Dissertation Defense: “Essays in Applied Labor Economics”, Trevor Osaki

Date and Time
North Hall 2113

Join us to hear Trevor’s Dissertation Defense. He will be defending his dissertation, “Essays in Applied Labor
Economics” To access a copy of the dissertation, you must have an active UCSB NetID and password.


Trevor is a PhD Candidate at the University of California, Santa Barbara. Prior to attending UCSB he received his Bachelor of Arts in Economics from Occidental College (2017). His research interests lie within the fields of labor economics, the economics of education, and public economics. Specifically, he studies the effects of policies intended to improve access to higher education, such as federal financial aid programs and test-optional admissions. Trevor also explores topics in labor market discrimination, e.g., fairness attitudes toward discriminatory actions.


This dissertation includes three chapters in applied labor economics. The first chapter considers the growing trends of colleges and universities making the submission of SAT and ACT scores optional for undergraduate admissions to bolster racial diversity. It uses a panel of liberal arts colleges from IPEDS and applies a two-way fixed effects approach to determine whether this test-optional policy is effective at achieving this goal. It also estimates the impact of the policy on the graduation rates for underrepresented minority (URM) students. This chapter finds that the policy bolsters freshman URM enrollment among test-optional institutions throughout the sample as a whole, regardless of admissions selectivity and early versus late treatment timing. The effects of this policy on the URM 4-year and 6-year graduation rates are heterogeneous across colleges by their selectivity in admissions. While the most selective colleges in the panel experience no change in URM graduation rates, less-selective colleges experience declines in these graduation rates.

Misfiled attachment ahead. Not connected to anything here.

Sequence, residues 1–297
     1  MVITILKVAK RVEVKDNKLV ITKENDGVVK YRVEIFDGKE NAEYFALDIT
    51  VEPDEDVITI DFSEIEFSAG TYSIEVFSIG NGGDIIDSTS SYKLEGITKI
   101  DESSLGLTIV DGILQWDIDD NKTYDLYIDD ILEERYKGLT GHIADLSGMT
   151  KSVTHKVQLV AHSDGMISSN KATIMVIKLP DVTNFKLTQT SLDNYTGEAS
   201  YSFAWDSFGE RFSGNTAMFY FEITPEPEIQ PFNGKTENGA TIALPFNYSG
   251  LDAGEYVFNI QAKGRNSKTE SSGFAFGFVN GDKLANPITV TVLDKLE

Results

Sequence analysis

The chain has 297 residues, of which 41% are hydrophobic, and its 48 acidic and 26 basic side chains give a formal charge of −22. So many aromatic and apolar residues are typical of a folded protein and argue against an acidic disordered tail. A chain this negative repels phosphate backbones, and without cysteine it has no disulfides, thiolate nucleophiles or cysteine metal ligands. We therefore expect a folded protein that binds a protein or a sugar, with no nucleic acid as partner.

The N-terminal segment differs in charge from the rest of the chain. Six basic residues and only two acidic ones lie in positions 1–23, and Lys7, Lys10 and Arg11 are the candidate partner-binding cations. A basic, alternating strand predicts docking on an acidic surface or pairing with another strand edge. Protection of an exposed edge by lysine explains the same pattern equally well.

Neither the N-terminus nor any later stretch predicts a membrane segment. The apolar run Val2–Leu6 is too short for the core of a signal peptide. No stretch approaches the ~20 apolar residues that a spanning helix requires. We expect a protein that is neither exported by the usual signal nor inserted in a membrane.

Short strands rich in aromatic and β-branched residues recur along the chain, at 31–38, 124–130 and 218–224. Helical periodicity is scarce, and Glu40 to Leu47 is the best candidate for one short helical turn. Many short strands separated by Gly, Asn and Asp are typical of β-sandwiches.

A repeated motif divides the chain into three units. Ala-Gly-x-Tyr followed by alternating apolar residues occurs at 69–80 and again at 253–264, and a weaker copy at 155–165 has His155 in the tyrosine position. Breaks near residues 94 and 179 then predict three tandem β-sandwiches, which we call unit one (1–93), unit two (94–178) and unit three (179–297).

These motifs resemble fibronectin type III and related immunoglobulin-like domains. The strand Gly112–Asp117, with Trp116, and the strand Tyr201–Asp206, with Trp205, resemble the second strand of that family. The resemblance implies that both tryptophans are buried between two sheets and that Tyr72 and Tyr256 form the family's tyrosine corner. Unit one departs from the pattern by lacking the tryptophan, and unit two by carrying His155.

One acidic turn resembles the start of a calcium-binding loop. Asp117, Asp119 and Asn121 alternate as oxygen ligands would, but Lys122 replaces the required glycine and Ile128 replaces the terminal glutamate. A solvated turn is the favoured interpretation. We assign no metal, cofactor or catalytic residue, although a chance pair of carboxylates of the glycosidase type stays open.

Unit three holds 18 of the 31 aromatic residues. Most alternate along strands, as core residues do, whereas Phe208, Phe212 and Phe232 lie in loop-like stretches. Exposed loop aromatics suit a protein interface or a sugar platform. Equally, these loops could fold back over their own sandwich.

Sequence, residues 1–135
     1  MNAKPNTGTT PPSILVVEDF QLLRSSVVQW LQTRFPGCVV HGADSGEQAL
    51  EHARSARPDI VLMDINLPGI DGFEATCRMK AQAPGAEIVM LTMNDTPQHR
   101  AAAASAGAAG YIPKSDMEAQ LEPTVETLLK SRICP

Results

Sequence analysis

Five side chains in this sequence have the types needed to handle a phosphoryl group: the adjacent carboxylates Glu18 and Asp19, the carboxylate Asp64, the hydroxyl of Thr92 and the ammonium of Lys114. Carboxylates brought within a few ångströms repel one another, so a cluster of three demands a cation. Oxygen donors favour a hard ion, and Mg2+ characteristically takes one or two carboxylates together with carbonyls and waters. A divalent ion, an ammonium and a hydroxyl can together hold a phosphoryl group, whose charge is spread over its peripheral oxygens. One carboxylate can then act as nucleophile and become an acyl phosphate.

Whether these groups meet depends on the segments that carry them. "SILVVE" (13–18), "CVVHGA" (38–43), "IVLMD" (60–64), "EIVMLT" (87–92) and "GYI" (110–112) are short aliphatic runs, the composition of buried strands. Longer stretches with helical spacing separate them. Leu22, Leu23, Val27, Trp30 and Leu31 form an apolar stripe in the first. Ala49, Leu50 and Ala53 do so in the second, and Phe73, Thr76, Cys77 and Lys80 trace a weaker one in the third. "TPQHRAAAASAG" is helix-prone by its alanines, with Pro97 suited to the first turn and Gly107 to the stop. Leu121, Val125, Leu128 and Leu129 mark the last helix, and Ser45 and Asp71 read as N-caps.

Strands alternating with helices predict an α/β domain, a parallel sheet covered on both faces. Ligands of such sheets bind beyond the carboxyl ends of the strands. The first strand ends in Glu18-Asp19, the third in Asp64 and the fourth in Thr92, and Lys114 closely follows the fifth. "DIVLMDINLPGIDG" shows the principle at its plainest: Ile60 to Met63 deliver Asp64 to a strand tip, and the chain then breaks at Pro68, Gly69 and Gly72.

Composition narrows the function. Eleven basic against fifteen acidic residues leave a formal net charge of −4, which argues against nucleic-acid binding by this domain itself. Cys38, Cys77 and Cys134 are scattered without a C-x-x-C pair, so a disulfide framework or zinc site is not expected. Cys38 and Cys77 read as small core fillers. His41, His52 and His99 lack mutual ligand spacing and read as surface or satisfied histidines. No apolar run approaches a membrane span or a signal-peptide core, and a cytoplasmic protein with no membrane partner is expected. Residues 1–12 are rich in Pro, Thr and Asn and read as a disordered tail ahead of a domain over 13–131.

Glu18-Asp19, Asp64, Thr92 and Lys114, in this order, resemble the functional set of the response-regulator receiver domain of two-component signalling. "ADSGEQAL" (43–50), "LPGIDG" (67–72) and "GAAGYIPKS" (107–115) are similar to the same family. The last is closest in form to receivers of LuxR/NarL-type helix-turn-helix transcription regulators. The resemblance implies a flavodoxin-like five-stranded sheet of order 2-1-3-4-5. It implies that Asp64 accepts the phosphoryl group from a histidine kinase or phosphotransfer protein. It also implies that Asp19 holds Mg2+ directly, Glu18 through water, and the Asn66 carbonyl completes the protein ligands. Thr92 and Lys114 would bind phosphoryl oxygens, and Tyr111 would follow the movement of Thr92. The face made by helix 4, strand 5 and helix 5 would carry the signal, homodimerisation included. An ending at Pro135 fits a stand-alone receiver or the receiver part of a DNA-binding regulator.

The second chapter, joint with Peter Kuhn, uses a vignette-based survey experiment on Amazon’s Mechanical Turk to measure how people’s assessments of the fairness of race-based hiring decisions vary with the motivation and circumstances surrounding the discriminatory act and the races of the parties involved. Regardless of their political leaning, survey subjects react in very similar ways to the employer’s motivations for the action, such as the quality of information on which statistical discrimination is based. Compared to conservatives, moderates and liberals are much less accepting of discriminatory actions and consider the discriminatee’s race when making their fairness assessments. This chapter also describes four pre-registered models of fairness – utilitarianism, race-blind rules (RBRs), racial in-group bias, and belief-based utilitarianism (BBU) – and shows that the latter two are inconsistent with major
aggregate patterns in the survey data. Instead, it argues that a two-group framework, in which one group (mostly self-described conservatives) values employers’ decision rights and the remaining respondents value utilitarian concerns, explains the main findings well. In this model, both groups also value applying a consistent set of fairness rules in a race-blind manner.

The third chapter estimates the effects of the Federal Perkins Loans Program on students’ non-academic work status and labor supply, as well as their choice of STEM major and post-graduation occupation. Perkins loans were unique because they converted into grants if a student recipient entered a designated career path. Therefore, this chapter leverages this conditional loan cancellation feature to determine whether recipients enjoyed the benefits often associated with grant programs (e.g., reduced incentive to work) and motivated them to enter loan-forgiving occupations. It finds that Perkins loans reduce students’ non-academic work activity and grades. And it finds that the program had little impact on their likelihood of pursuing a STEM major or loan-forgiving occupation.